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Visitors will discover an archaeological treasure at Towosahgy State Historic Site. Located in southern Mississippi County, the site preserves the remains of a once flourishing Indian community. Towosahgy (tah-wah-saw-ge), is a borrowed Osage Indian word meaning “Old Town.” It was the location of a once-fortified Indian village and ceremonial center between A.D. 1000 and 1400.
Other groups of Indians had lived in this area for 9,000 years prior to the founding of the village. Their societies did not reach the highly organized level of the Indians at Towosahgy. The inhabitants of the village were part of the Mississippian cultural tradition. Their name is due to the fact that most of these archaeological sites are located near the Mississippi River.
Different from their predecessors, the Indians who lived at Towosahgy were town dwellers. There were other, smaller hamlets within a short distance of the main town. The entire area formed a well-developed cultural and political system. The well-constructed dwellings, utensils and other artifacts uncovered at the site indicate the inhabitants led a relatively comfortable lifestyle.
FOOD & CULTURE
The residents of Towosahgy raised crops of beans, as well as, maize, squash and sunflowers. These crops were raised in fields outside the walls that surrounded the village. They also lived off wild game, as well as, fish, persimmons, wild plums and a variety of nuts. They relied on trade to obtain other necessary items such as salt and paint, as well as, chert for tools and ceremonial materials. For transportation, they may have used large dugout canoes. Their houses were constructed by digging a shallow pit. This left the floor of the structure below the surface of the ground. Walls were built of small posts placed in narrow trenches. A central fire hearth and associated packed clay floor mark the original floors of these houses.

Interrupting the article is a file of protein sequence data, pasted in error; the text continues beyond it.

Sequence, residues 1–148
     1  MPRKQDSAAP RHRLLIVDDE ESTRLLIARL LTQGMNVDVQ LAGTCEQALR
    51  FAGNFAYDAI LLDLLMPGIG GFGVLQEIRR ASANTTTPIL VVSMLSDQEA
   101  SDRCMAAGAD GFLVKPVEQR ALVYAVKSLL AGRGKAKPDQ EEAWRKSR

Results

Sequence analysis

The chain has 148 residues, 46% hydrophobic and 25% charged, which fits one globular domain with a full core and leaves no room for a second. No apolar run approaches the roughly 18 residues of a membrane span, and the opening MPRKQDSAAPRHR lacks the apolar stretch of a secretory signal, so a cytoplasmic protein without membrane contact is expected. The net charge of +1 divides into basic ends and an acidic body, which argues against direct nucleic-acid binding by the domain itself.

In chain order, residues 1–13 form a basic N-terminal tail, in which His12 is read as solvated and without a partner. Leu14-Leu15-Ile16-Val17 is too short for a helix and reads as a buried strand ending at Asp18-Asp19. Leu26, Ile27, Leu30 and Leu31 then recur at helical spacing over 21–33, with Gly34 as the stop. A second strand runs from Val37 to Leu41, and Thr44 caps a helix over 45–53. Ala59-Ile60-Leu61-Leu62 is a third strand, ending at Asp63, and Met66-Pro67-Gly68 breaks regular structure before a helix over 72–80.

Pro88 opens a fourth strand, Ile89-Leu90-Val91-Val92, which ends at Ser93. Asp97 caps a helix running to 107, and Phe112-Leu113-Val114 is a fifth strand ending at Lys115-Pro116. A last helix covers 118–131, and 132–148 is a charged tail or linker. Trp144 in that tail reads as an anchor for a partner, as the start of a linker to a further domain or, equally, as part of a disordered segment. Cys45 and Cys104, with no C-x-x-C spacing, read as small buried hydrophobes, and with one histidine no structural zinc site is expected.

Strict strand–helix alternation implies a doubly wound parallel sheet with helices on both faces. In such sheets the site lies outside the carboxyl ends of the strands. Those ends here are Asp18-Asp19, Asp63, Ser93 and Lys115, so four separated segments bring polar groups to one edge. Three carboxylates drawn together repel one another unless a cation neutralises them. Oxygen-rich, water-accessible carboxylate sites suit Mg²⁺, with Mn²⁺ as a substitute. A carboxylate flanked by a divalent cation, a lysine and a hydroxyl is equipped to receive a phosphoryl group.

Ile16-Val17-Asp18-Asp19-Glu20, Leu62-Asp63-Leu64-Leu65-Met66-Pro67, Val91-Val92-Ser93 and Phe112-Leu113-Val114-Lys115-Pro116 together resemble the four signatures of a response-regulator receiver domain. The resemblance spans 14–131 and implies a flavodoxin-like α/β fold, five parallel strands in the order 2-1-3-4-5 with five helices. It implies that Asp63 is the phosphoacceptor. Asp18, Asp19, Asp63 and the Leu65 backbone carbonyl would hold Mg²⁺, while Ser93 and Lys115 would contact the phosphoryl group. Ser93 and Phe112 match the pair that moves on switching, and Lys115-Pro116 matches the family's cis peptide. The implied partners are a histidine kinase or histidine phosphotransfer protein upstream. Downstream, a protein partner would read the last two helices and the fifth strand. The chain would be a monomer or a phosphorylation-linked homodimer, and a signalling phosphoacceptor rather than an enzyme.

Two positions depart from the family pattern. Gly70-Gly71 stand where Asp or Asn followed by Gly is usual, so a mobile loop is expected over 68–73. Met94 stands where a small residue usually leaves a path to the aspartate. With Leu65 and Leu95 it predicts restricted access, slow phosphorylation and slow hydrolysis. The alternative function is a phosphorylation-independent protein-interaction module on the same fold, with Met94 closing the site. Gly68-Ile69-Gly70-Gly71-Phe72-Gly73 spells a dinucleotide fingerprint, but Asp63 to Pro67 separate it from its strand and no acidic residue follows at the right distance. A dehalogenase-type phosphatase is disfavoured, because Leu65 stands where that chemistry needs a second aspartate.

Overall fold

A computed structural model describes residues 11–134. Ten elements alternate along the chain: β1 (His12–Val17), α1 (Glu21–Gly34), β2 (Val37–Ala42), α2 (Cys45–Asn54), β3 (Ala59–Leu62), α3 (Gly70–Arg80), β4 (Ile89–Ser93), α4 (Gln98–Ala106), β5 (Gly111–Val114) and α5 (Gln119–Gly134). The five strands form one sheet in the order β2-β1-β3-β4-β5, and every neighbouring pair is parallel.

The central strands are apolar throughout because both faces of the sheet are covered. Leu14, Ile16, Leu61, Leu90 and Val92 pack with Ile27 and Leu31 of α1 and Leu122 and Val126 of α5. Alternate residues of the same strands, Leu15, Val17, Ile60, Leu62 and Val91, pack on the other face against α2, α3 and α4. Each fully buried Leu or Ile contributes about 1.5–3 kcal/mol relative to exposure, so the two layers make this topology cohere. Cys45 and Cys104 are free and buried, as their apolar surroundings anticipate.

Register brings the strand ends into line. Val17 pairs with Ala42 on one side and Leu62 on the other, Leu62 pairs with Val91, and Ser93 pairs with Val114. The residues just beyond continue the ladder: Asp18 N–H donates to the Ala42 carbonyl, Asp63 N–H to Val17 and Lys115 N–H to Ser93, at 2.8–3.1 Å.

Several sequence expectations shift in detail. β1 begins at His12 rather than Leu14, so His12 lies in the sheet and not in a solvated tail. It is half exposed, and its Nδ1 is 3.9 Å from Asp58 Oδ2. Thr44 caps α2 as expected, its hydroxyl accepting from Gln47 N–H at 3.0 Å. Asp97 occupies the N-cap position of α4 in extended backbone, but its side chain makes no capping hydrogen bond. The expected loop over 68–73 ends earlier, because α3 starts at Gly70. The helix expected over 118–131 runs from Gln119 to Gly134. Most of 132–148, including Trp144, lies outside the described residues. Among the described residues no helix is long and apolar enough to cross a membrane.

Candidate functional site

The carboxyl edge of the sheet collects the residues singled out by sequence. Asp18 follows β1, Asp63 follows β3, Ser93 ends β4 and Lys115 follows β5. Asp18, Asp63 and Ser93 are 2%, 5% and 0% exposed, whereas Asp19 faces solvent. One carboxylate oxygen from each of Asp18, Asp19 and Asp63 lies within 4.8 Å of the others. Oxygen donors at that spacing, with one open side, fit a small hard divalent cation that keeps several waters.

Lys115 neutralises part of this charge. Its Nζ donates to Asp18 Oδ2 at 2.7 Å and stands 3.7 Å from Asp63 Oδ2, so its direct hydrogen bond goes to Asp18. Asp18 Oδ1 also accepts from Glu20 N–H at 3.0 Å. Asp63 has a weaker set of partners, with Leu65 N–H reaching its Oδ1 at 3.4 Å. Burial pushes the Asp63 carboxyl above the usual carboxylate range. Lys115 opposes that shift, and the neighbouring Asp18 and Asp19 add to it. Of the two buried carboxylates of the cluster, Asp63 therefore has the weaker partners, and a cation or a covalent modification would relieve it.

Today, all that is visible are the remains of the earthen mounds within the village area. Six of the seven mounds still exist and surround the central plaza. This is where various civic and religious ceremonies were held. The largest mound is located at the north end of the plaza. It is about 180 feet wide by 250 feet long at is base, and about 16 feet high. All of the earth within the mounds was dug by hand. It was then carried in baskets from borrow pits such as the large pit west of this mound. A palisade for protection against enemies surrounded the entire area.
A kiosk provides interpretive information about the village and its inhabitants. A trail leads visitors to the mounds and other areas of the village. Here you can imagine this once-thriving culture found in this area hundreds of years ago.
PARK HOURS & FEES
County Road 502,
East Prairie, MO 63845
For more information about this historic site click HERE.
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